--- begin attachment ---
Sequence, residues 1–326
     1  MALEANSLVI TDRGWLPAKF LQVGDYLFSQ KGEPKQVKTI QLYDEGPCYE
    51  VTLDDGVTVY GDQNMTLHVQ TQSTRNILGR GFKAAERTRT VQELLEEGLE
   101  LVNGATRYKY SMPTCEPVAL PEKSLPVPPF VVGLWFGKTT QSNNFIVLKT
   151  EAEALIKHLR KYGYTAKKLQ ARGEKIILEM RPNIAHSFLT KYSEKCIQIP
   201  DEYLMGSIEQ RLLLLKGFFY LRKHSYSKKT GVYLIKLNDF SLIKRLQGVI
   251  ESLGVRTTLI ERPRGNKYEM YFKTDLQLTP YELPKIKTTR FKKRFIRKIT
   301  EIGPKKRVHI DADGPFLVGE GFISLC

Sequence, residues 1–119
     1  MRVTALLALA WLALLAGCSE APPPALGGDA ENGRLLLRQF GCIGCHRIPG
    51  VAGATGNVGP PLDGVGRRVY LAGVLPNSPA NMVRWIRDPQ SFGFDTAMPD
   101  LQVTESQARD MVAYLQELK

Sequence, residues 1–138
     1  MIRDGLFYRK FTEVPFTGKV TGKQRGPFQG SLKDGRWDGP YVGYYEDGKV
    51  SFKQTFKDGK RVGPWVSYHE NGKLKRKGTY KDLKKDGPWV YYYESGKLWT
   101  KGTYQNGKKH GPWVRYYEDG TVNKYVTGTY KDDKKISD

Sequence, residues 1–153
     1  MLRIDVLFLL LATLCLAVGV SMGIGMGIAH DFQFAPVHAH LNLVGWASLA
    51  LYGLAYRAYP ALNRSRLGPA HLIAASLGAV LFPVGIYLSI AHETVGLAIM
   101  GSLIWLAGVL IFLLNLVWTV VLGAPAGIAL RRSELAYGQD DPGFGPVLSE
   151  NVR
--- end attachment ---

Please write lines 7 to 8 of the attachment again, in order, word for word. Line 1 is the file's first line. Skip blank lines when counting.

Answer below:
   251  ESLGVRTTLI ERPRGNKYEM YFKTDLQLTP YELPKIKTTR FKKRFIRKIT
   301  EIGPKKRVHI DADGPFLVGE GFISLC